How does this relate to medical politics?

The current executive of the OMA is filled with passionate, intelligent physicians, who have dedicated an inordinate amount of time to leadership and representation. These are good people, and I feel very fortunate to have worked with some of them even on a brief, peripheral basis. Their terms have unfortunately coincided with a highly frustrating and distressing time for physicians, which has resulted in significant agitation for change. Had this been five years earlier, their terms would likely have been far less controversial. Be that as it may, after arguably a prolonged period of unresolved conflict, the OMA needs a change in course.  This is a case of ‘good leaders, wrong fit.’ The recent Special Council Meeting showed the extent to which physicians are disenchanted with the direction things are going, and psychologically there needs to be decisive action. The board has plans to meet through this weekend to develop a strategy for next steps, and are faced with an unprecedented decision – to ask for the Executive to step down. Here are two options to speculate about:

1) The board can reiterate its confidence in the executive.
The likely result at this point would be to increasingly empower groups that would then call for another General Meeting with a specific membership question regarding removal. Should this happen, it may interfere with the upcoming elections and dramatically change the tone of OMA renewal. It would also continue to shine unwanted media attention on restructuring efforts, and would be difficult to spin away from ‘coup’ comments.

2) The board can ask for resignations.
This is an unfortunate outcome for hardworking physician leaders, but would allow for much of the membership to feel that the OMA, in a belated fashion, is responsive to changing member needs. Coupled with the upcoming elections, there could be a significant sense of renewal of the OMA that would allow it to more easily pivot to a new course. This could also be comfortably spun as being a reasonable response to an historic vote of non-confidence. “Making room for new leadership in a challenging time.”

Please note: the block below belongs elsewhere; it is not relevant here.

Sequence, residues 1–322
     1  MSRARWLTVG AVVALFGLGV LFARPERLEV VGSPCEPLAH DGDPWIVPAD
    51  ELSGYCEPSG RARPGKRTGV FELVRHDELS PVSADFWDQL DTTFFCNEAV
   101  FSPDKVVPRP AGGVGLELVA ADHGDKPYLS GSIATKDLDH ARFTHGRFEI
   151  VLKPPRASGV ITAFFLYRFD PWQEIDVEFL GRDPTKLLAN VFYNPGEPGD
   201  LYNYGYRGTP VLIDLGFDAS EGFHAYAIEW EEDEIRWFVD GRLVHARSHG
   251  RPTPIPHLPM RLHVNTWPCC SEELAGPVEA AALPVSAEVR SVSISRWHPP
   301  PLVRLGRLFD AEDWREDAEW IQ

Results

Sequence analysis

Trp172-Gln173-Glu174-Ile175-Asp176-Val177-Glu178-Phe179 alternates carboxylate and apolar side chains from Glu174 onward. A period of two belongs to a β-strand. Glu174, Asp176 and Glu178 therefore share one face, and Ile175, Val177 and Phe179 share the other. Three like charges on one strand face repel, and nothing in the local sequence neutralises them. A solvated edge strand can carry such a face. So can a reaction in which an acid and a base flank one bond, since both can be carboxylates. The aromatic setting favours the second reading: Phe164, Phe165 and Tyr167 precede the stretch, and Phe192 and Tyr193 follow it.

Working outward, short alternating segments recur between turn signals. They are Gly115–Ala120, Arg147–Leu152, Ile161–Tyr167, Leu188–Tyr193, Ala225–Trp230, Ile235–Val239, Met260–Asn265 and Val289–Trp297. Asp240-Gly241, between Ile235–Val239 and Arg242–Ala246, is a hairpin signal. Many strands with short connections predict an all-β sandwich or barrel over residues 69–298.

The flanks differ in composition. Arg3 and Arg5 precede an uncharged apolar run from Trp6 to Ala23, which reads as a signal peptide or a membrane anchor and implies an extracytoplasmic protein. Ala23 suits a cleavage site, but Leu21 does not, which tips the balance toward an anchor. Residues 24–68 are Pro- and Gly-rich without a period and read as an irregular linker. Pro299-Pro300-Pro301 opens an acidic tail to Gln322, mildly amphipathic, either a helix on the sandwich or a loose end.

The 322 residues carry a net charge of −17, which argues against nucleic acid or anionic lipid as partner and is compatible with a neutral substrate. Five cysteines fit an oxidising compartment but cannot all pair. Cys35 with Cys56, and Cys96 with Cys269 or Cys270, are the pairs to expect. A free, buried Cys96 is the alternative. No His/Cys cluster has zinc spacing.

The need for a significant and rapid culture shift, while rare, is undoubtedly upon us. The question isn’t if it will happen, but when, and how it will be achieved.

 

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Photo credit: Jugbo

Taylor Lougheed

About the Author

Taylor Lougheed is a physician in Family and Emergency Medicine, and passionate about sustainable public healthcare, quality improvement and patient safety, medical education, and global health.

5 Comments

  1. Graham Slaughter

    Disenfranchised? I think disenchanted might be the better word. Council members were specifically given the task of deciding whether to demonstrate confidence in the executive. They used their franchise to say no, they do not. They were then asked to decide whether to remove each member of the executive from their post. They used their franchise to say no, but it was close. But the disenchantment necessary to even get to a 50/50 split on the retention on the president is remarkable. Tomorrow will be an interesting day.

    • Taylor Lougheed
      Taylor Lougheed

      You’re quite right, Graham, thank you for the comment. I’ve made the edit.

  2. Fed up

    Yes! Not convinced about “good leaders” but definitely “bad fit”.
    This post is the nicest way of asking them to step down.

  3. Andrew S

    I agree, Taylor I think it is time for a major leadership shift at the OMA. The combination of executive stepping down and the upcoming elections could revitalize the profession.

  4. New Start

    Good assessment, and prescient now that the exec has resigned. Now time to rebuild!